Wharfedale Beekeepers’ Association (WBKA) was formed in March 1921. It draws its 120+ members from a wide area, most of which falls within the valley of the River Wharfe in North and West Yorkshire, and the district of Craven (see map below). A large part of this area lies within the Yorkshire Dales National Park.
We are a registered charity (No. 506891) which promotes beekeeping through education and training. The Association is a
member of the Yorkshire Beekeepers Association (YBKA) and British Beekeepers Association (BBKA), through which our full members have public liability insurance.
We welcome new members, including those who are also members of other associations who may join as associate members for a reduced fee.
We run beekeeping training courses, and provide support to our beekeepers through mentoring and practical help in our local groups. We have a calendar of social events and talks and provide a swarm collection service during the spring and summer. Members of the Association give talks, lectures and demonstrations to a wide range of groups including: children and young people, people with disabilities and special needs, special interest societies and other charities and voluntary bodies to promote awareness of the importance of bees.
WBKA has a number of apiary sites where members can keep their bees and also arranges access to a heather moor site for use when the heather is in flower.
Wharfedale Beekeepers’ Association complies with the BBKA policy and procedures on Safeguarding.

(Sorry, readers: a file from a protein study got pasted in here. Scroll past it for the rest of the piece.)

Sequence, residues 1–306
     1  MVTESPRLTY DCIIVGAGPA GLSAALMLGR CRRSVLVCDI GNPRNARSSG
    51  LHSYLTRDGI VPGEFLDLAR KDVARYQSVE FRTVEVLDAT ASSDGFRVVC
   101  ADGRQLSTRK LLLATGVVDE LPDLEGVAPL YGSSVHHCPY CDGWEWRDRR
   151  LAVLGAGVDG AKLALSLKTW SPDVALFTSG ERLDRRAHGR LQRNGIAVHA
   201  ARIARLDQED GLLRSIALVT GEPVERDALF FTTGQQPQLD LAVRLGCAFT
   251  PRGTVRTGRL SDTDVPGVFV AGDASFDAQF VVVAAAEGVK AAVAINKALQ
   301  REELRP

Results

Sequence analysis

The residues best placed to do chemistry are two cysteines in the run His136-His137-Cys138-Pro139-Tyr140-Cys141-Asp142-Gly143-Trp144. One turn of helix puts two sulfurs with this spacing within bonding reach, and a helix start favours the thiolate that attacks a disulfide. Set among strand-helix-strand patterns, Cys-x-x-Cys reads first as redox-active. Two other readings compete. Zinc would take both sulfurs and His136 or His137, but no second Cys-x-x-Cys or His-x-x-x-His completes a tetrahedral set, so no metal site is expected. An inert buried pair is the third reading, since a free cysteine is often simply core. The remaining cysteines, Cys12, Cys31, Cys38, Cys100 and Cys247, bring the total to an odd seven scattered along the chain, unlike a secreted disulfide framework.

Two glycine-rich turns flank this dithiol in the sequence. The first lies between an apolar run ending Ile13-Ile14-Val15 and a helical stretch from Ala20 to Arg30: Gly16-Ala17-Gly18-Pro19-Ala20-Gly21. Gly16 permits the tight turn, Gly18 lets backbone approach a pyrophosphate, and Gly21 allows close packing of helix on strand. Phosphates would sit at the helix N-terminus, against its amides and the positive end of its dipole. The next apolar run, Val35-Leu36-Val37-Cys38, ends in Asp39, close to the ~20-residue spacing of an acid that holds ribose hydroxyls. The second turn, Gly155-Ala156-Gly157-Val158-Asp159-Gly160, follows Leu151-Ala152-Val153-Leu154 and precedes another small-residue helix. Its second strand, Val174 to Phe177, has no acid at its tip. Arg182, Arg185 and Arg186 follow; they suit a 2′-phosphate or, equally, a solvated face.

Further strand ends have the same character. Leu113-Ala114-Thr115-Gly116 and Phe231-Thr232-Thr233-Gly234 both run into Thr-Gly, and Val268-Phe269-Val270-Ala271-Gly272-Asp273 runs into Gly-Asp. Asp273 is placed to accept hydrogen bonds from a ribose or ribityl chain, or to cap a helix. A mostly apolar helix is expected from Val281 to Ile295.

Beekeeping in Wharfedale
The upper part of the dale has a landscape of moorland and rough pasture, up to 550m above sea level with stunning limestone scenery, scattered farms and small villages. This contrasts with the gentler more open fields and woodland of the lower dale and its principal towns, Skipton, Ilkley and Otley. This mixture of landscapes provides a wide variety of habitats and food sources for our bees with relatively little arable agriculture and few problems with crop spraying or monocultures such as Oilseed Rape. The population of the dale is concentrated mostly in the southern (lower) part and consequently, this is where most of the beekeepers are.
The lie of the land and local weather patterns result in spring coming noticeably earlier to the lower part of the dale than the upper, where winter comes sooner and stays a little longer. However bees do well here, benefiting from the Himalayan Balsam along the river in the late summer, the Heather on the moors in August and September and from the huge variety of garden plants and trees in the parks and gardens of the towns which give us a long flowering and foraging season in the lower part of the dale.
The vast majority of our members follow traditional beekeeping practice, using standard National hives and some WBCs although others are using top-bar hives and what is now being termed “bee-centric” beekeeping.
We are managed by a committee of members which meets roughly six times a year. Summaries of the meeting minutes are available below.
Meeting dates will be posted on the events calendar and the names of committee members are listed on the contacts page.
Please contact us for more information.